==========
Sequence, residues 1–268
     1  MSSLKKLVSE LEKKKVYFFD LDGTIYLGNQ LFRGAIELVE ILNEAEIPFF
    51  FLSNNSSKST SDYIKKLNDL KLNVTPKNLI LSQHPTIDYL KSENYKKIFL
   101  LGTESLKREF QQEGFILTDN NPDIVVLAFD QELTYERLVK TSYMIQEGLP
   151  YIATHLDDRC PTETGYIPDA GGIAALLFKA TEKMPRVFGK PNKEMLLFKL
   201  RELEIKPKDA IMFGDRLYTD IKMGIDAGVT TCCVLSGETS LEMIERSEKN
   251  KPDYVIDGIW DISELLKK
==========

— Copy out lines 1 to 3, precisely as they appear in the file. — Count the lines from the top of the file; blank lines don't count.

Sequence, residues 1–268
     1  MSSLKKLVSE LEKKKVYFFD LDGTIYLGNQ LFRGAIELVE ILNEAEIPFF
    51  FLSNNSSKST SDYIKKLNDL KLNVTPKNLI LSQHPTIDYL KSENYKKIFL